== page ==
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MADRID – Moviegoers in Spain, whose reality is life in a county with 25 percent unemployment, a contracting economy and ever-more painful austerity measures – have found solace – or escape – in a true tale of superhuman endurance.
The Impossible from director Juan Antonio Bayona (The Orphanage) stars Ewan McGregor and Naomi Watts as fictionalized (and in the film British) versions of Henry and Maria Belon, the Spanish couple who, together with their family, survived the devastating tsunami in Thailand in 2004.
The film, which Summit Entertainment will bow in the U.S. this Friday is already a cultural and social phenomenon in Spain, where it has smashed box office records, earning more than $52 million (€40 million), more than James Cameron‘s disaster epic Titanic in the territory. Nearly six million of Spain’s 47 million people have seen the film so far.
“I wouldn’t say I went to see the film because of the fact that Spain is in a crisis,” said cinemagoer Susana Gonzalez, speaking to The Hollywood Reporter outside an Impossible screening in Madrid. “But it is true that it’s a film that leaves you feeling grateful at the end. It’s much better than seeing a movie about people evicted from their homes,” she added.
Warner Bros. Pictures, who released the film in Spain, and producers Telecinco Cinema and Apaches Entertainment decided to premiere the film here in September, two months before its U.S. bow. Given the economic crisis in Spain, where the price of a cinema ticket has become for many a costly luxury, it was a risky move. The producers also worried a disaster film might strike the wrong chord with the local audience.
“We thought that maybe people wouldn’t want to suffer any more than they already are — but that wasn’t it,” Telecinco Cinema CEO Ghislain Barrois told THR. “The movie experience was so strong that people felt that they had to experience it [and make] the investment of time and money.”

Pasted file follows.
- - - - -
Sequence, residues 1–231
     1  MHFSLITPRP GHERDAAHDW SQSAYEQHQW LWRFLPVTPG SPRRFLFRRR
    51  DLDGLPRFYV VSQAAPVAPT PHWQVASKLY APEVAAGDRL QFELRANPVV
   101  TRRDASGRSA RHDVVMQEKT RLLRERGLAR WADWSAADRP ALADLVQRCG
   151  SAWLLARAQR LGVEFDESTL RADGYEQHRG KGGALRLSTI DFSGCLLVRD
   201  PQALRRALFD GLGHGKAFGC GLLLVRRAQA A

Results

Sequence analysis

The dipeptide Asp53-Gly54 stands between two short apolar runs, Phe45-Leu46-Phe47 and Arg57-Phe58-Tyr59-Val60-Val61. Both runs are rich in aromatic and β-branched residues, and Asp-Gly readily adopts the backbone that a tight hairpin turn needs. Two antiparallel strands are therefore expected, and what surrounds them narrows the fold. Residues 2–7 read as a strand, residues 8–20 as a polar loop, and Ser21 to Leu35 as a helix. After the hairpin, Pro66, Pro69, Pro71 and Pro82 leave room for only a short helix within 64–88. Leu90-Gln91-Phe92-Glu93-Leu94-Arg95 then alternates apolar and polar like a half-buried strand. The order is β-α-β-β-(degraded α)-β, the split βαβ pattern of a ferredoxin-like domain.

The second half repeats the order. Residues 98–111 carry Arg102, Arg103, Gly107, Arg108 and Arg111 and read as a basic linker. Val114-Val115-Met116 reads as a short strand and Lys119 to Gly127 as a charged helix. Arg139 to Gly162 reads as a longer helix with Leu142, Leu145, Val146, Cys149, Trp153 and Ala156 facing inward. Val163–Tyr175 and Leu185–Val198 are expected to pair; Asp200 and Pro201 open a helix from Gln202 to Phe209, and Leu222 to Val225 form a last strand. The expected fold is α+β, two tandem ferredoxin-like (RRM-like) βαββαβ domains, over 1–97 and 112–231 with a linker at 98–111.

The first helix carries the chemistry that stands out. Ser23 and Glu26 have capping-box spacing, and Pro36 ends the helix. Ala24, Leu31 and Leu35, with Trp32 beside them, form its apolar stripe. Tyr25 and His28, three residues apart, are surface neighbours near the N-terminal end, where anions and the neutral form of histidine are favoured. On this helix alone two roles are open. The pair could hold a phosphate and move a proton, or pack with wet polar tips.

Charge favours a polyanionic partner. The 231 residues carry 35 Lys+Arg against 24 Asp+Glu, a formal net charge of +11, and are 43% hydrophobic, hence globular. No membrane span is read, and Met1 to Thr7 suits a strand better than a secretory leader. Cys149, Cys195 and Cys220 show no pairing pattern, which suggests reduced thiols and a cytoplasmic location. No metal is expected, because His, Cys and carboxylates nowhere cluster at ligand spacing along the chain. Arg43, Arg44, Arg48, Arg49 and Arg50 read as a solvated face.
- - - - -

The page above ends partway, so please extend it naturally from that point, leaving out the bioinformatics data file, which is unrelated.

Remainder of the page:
Telecinco, and its parent company the Mediaset group launched an aggressive marketing campaign for the film, starting a full year ahead of the release. The September 27 premiere at the San Sebastian Film Festival was broadcast live simultaneously on all seven of Telecinco’s Spanish channels – the sort of blanket coverage unheard of for a film debut.
It helped that The Impossible had a strong local flavor. The story of the Belon family is well-known here and the film, which shot in Spain and Thailand, featured a Spanish director and Spanish producers.
“The story is moving and the message gets people, but that is only one part of it,” explained Barrois. “The other is the colossal media campaign the Mediaset group has launched to support the movie.”
The expense, and the risk, paid off. In fact, The Impossible has, in its small way, helped ease Spain’s economic suffering. In the nine months of the year before the film’s release, Spanish box office receipts were down nearly 10 percent. But The Impossible‘s success kicked off a theatrical revival, helping boost attendance for other late-year films, including Skyfall and The Twilight Saga: Breaking Dawn: Part 2.
“The Impossible heated up the market again. When there is a strong film in theaters it acts like a magnet for people to get out of their homes and get back into the habit of going to the movies,” said David Rodriguez, Spanish General Manager for box office stats group Rentrak.
Spain’s box office figures are still down from last year but only by a slim 5 percent. Following the Belon Family’s example, the battered Spanish film industry is pulling itself back up.
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